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Image by Anne Nygard

Disappear to chase trains

for Nevin
& Adam

I used to dream him sweet
boy losing time
to dance my chubby arms
in expectation of song
out of rhythm with the windless prairie day
he rolls in laughter with my brother
in my dream we are always
streaked with sun
ribboned by the shadows
of the deck slats running
across the back seam of the house
years before dad tore it down
when he gutted our home
with surgical precision
the walls removed
like they were the tiny bones of fish
that could choke us later – if we weren’t careful
in my dream, the sunlight
blurs our edges
my brother slant-eyed in the distance
a yellow toy dump truck gleaming
the sun’s bright reflection
I have to squint my eyes here
when I open them, I see his whole face, round
for an instant, eyes orbiting
their celestial path inside of parentheses
in this place, the afterlife
is unspoken, only the sun bends
the beams of light and flickering shadows
of memory and future into the same dream
like these crosshatches on my palm
and then the whistle shakes
the train’s arrival into the ground, breaking
the hazy picture of my dream
and they’re both off 
down the steps and past the long garden
barefoot through the grass
and over the hill 
they disappear to chase trains 
their heartbeats still echoing in the earth
that’s how it always ends
the dream, how I wake up
the familiar rumble and howl in the night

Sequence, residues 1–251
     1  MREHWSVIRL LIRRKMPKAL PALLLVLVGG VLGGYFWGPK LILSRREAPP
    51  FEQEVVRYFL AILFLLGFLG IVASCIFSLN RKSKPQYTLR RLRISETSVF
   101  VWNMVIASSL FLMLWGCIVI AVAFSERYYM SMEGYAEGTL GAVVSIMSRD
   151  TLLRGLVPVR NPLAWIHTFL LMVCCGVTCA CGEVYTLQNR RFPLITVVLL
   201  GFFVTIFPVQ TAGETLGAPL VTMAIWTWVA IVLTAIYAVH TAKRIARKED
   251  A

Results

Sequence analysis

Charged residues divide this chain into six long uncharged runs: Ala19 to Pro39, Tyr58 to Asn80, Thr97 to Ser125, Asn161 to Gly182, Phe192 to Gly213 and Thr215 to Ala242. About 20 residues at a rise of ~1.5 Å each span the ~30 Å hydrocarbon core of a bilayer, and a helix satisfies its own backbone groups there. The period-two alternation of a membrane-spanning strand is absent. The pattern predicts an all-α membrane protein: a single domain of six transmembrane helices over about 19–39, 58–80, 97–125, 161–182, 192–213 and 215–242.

unable to picture
his face anymore
without the help of photos 
unable to remember  
without someone else’s memories
without the help of dreams 
only to face 
the dark morn of aging 
where the magic and the trains
and the dreams have slipped away
in the stark light
of growing up without him

Jaime Speed lives, works, and plays in Saskatchewan, Canada. A fan of reading, gardening, throwing weights, and dancing badly, she has recently been published in The Rat’s Ass Review, Dear Loneliness Project, Hobo Camp Review, Anti-Heroin Chic, and OyeDrum Magazine, with work forthcoming in Psaltery & Lyre, Channel, and They Call Us along with collections by Ship Street Poetry, Gnashing Teeth Publications, White Stag Publishing, and Indie Blu(e) Publishing. Her prose poetry is forthcoming in Best Small Fictions 2021 by Sonder Press.

1 Comment

  1. Anonymous

    This is so well written i couldnt stop reading and feeling a bit emotional. Great job!


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